Note: Since writing this post I’ve found the research that shows a pathologically complete response does improve long term survival prognosis. Here’s the link: http://www.ncbi.nlm.nih.gov/pubmed/17443564

Neither my oncologist or I can find any research indicating that having a platinum based chemotherapy at this stage of my treatment, when all detectable cancer has been removed, would be on any benefit at all. The dilemma is that it MIGHT be beneficial. We just don’t know.

On the other hand, chemotherapy will weaken my immune system and might actually create an opportunity for my notoriously aggressive and treatment resistant cancer to take hold again. All chemotherapy also carries risks associated with the side effects. The platinum based drugs are considered to be among the worst in terms of side effects. I already have numb and painful hands and feet from the FEC chemotherapy and it would likely become worse and potentially crippling with a platinum on top of all that. There’s also a risk of kidney damage and hearing loss.

My oncologist made the observation that I am really well. I look and feel great. My energy is slowly returning and I’m fitter than I’ve been in a long time. Of course, I was also getting compliments on how great I looked when I had my one year scans and discovered that I still had cancer.

All things considered the best course of action seems to be to hold the platinum in reserve. My plan is to not ever have cancer again. In which case I will never need it. It’s also worth considering that if I had it now I wouldn’t be able to have it later. Given that there is no known benefit to having it now we’re both comfortable with the decision to avoid it.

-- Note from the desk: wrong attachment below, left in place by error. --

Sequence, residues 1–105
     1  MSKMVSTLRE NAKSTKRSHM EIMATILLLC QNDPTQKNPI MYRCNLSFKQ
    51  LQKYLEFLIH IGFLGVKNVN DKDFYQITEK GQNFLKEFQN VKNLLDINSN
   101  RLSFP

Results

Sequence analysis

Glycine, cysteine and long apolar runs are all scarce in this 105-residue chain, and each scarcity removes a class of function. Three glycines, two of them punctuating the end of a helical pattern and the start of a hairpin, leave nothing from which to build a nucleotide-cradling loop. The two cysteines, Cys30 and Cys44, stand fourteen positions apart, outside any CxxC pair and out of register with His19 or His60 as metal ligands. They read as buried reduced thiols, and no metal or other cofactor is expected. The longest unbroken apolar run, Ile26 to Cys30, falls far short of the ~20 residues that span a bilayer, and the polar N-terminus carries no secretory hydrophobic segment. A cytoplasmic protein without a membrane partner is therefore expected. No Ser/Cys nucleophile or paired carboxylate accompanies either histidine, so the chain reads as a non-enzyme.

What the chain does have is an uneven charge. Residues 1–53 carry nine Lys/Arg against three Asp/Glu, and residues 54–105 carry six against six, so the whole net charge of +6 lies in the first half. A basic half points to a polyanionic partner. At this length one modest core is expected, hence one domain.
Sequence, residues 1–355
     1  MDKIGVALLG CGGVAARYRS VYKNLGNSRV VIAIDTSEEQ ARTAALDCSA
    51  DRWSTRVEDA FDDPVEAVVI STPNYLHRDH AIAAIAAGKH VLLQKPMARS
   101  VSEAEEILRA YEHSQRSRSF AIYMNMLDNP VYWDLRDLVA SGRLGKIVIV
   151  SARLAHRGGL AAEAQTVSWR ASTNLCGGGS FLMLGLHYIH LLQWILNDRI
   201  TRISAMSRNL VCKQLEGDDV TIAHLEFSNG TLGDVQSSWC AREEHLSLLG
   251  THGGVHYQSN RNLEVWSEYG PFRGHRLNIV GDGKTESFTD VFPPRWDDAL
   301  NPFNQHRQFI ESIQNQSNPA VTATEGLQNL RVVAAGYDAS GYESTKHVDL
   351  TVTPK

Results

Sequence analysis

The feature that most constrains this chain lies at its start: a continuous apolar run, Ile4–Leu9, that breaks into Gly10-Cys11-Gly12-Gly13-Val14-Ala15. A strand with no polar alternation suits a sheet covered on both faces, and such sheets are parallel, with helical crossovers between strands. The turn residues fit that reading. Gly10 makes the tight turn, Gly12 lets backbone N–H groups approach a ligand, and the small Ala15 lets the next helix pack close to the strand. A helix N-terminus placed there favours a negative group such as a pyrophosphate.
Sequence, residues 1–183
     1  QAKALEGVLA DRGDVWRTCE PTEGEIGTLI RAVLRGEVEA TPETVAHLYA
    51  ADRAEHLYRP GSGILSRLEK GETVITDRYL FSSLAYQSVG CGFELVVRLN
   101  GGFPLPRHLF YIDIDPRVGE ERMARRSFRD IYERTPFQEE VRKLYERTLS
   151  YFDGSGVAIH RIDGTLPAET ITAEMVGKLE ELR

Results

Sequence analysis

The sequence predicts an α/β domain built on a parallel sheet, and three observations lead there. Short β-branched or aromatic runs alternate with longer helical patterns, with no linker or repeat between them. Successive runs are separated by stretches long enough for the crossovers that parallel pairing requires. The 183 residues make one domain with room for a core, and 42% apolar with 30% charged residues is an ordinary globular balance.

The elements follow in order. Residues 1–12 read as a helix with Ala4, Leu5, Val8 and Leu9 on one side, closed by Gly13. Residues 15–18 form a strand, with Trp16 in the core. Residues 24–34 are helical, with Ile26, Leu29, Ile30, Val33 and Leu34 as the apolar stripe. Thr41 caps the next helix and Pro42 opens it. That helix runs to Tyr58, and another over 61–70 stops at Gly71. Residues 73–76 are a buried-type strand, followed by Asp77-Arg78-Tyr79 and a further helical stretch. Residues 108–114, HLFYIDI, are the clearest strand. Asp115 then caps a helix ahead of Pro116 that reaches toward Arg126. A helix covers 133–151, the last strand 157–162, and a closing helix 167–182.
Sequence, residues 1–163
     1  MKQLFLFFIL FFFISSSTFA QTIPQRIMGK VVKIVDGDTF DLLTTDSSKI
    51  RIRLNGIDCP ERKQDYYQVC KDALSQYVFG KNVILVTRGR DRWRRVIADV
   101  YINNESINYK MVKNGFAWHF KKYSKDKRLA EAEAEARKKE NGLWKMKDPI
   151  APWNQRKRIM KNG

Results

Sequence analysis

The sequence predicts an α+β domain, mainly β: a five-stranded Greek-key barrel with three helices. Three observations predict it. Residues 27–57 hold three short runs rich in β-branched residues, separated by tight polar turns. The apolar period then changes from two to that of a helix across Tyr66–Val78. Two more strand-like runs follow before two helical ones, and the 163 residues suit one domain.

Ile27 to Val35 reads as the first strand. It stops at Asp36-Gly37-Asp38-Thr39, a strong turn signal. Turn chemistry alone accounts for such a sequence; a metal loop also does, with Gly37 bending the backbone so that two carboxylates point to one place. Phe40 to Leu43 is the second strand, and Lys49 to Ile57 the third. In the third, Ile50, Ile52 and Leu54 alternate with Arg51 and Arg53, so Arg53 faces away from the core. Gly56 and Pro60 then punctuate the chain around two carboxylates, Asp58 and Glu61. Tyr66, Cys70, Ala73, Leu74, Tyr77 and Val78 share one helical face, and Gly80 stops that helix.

Of course, what all this brings into sharp focus for me is how fortunate I am to have access to such a great medical team. It’s so good to be able to work cooperatively with doctors that are happy for me to do my own research and ask lots of questions. I don’t know how many patients Rachel sees, or how she manages to remember the complex histories and pathologies we all have, but she always manages to make me feel like I’m her only patient and that she has all the time in the world to discuss my treatment. I know she doesn’t. It’s why I always make notes before I talk to her and try to stay on topic. I could easily spend days discussing triple negative breast cancer with her (but I doubt she’d enjoy that as much as I would).

As is so often the case with decisions about cancer treatment, this is a complex decision. In the absence of any evidence to the contrary it seems to be the right one, and that’s really the best you can ever do.


Fear of Recurrence: Part 2

It looks like I don’t need more chemotherapy (yay!). I haven’t actually heard back from my oncologist but I’m going to assume that means everything is fine. So it looks like I’m at the end of my treatment and now I need to adjust to what all the books, brochures and cancer support groups refer to as ‘my new normal’. I sometimes wonder if this is code for ‘you will never be as well as you were before cancer.’ I hope not.

Thanks to those that wrote with feedback after last week. It seems that fear of recurrence is an issue that affects just about everyone whose had cancer. Someone pointed out it’s also a huge issue for partners and children. So far, the best model I’ve found for dealing with it is Acceptance Commitment Therapy (or ACT) and this week I thought I’d write about the ‘acceptance’ part of that equation.

I think it might be helpful to start with how ACT is different to traditional Cognitive Behavioural Therapy (CBT) with apologies for all the acronyms but when you’ve got peripheral neuropathy you’ll take all the typing shortcuts you can!